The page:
“The judiciary is facing a huge manpower crunch,” said Sanjib Panigrahi, advocate on record in the Supreme Court.

“A shortage of courts, a lot of adjournments and the prosecution not being ready with the case all prolong the process,” he adds.

Senior advocate Anuja Kapoor, who has filed a petition in the Supreme Court seeking a special law for the acid attack survivors, said stricter laws are needed to curb this menace.

“Acid attack should come under heinous crime, it’s not just an assault,” she says.

“We talk about fast track courts but it is still a dream,” says Mishra.

“My case took more than seven years; the hearings have now ended and soon the quantum of punishment will be announced. During these years, the perpetrator, Chintu, was out on bail and used to threaten me. He also filed a case against me. It’s a time-consuming process and also takes a huge amount of money. The financial burden on top of the severe trauma and suffering that the survivor is going through breaks the victim’s willpower,” adds Mishra.


Healthcare remains nightmare for acid attack survivors

Two other serious issues acid attack survivors face is getting proper medical treatment for their injuries and adequate compensation. Over the years, survivors have staged several protests in Jantar Mantar in Delhi and elsewhere demanding special health care in government and private hospitals. But to little effect.

Anu who was admitted to AIIMS Delhi after the attack says that she didn't receive proper treatment at the government-run hospital

"I was admitted there for almost three months but the doctor hardly came to see me,” said Anu.

"My body was melting and stinking but doctors did not treat me with care. When we ask the government for compensation for treatment, they ask us to get admitted in government hospitals. But why should we go there when they can’t provide proper facilities?" asks Anu who has spent Rs 35 lakh so far on medical treatment and even though she lost her eyes in the attack, received just Rs 1.4 lakh as compensation in 2010.

"A doctor of a government hospital in Meerut told me that my eyes are 85 percent damaged and that I would not be able to see, but when I was shifted to a private hospital, they saved my eyes and now I can see properly," says Mishra. He has spent more than 30 lakhs in his treatment but, but unlike Anu, he hasn't received any compensation.

Kapoor informs that the Supreme Court has ordered government and private hospitals to provide initial treatment to acid attack survivor free of cost, yet many hospitals do not provide that.

"Private hospitals deny any knowledge of the order,” she says.

There is also the fact that hospitals, whether government or private, only provide treatment till there is a life risk to the acid attack survivor. Once a survivor's life is not at risk, hospitals stop treatment, and the patient has to make his or her own arrangement for the required follow up treatment.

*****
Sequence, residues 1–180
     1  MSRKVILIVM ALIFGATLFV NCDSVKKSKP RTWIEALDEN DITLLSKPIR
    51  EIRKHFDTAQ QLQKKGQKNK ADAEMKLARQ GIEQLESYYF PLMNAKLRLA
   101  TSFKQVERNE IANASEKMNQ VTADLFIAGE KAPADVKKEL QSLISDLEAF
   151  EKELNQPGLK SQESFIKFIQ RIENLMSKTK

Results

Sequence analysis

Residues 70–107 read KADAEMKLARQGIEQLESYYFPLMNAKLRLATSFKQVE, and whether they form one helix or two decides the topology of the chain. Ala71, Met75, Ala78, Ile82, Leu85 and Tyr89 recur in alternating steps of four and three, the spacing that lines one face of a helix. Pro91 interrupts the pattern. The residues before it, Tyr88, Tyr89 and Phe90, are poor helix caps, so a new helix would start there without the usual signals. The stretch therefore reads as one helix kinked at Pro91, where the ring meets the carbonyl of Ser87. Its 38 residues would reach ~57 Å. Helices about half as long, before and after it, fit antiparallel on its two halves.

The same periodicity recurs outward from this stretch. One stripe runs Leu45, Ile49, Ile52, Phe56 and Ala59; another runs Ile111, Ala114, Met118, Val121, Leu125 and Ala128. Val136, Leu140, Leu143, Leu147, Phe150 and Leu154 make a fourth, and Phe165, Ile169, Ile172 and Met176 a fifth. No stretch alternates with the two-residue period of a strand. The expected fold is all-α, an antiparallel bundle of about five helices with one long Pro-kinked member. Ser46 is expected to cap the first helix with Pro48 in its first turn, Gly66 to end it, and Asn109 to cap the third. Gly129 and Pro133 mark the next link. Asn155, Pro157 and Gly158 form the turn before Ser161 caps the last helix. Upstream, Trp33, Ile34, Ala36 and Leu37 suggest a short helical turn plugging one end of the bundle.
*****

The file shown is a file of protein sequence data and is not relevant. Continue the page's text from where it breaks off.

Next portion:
Most survivors have to depend on charity to get them treated in a hospital, while some NGOs do crowd funding to help them.

Poor compensation for survivors

Compensation too is a hard and long process for the acid attack survivors and the amount varies from state to state. The Supreme Court in May 2018 approved a pan India compensation scheme for acid attack survivors. According to the scheme, survivors of acid attacks, in case of disfigurement of face, would get a minimum compensation of Rs 7 lakh, the upper limit being Rs 8 lakh. If the injury causes more than 50 per cent damage, a minimum compensation of Rs 5 lakh would be given with the maximum being Rs 8 lakh. But these amounts don’t even come close to the actual cost of treatment.

Nitin Yadav, manager of Sheroes Hangout in Lukcnow. 101Reporters

Nitin Yadav, manager of Sheroes Hangout in Lukcnow. 101Reporters

The law, however, is of little help to survivors. According to Kapoor, it's tiresome, lengthy and not implemented at all on the ground as most survivors don’t get this court-prescribed amount.

According to a study by TrustLaw, the legal services of the Thomson Reuters Foundation, out of the 55 cases they analysed, only nine survivors had received compensation. Survivors say there is a lot of paperwork involved in claiming compensation and officials often delay payment and ask them to come again and again or try to fob them off with payments of one or two lakhs.

Victims also say that some government officials demand a share of the compensation amount. "I was asked by a lawyer to pay 30 per cent of the compensation," said Mohini.

Men who survive acid attacks are denied compensation as officials say there is no provision for compensation to male survivors, said Mishra.

The authorities do not even give disability certificates to acid attack survivors which can help them get a job let alone provide assistance to cope with the psychological and social problems they face for the rest of their lives.

As acid attack victim Mohini said, many of her relatives had stopped coming to her house and do not invite her family for their functions.

"For them, I was responsible for this attack," said Mohini, adding, "Their perception is that if people in their circle get to know about this incident it would ruin their image. I have stopped going to public places, parties and other functions."

The author is a Delhi-based freelance writer and a member of 101Reporters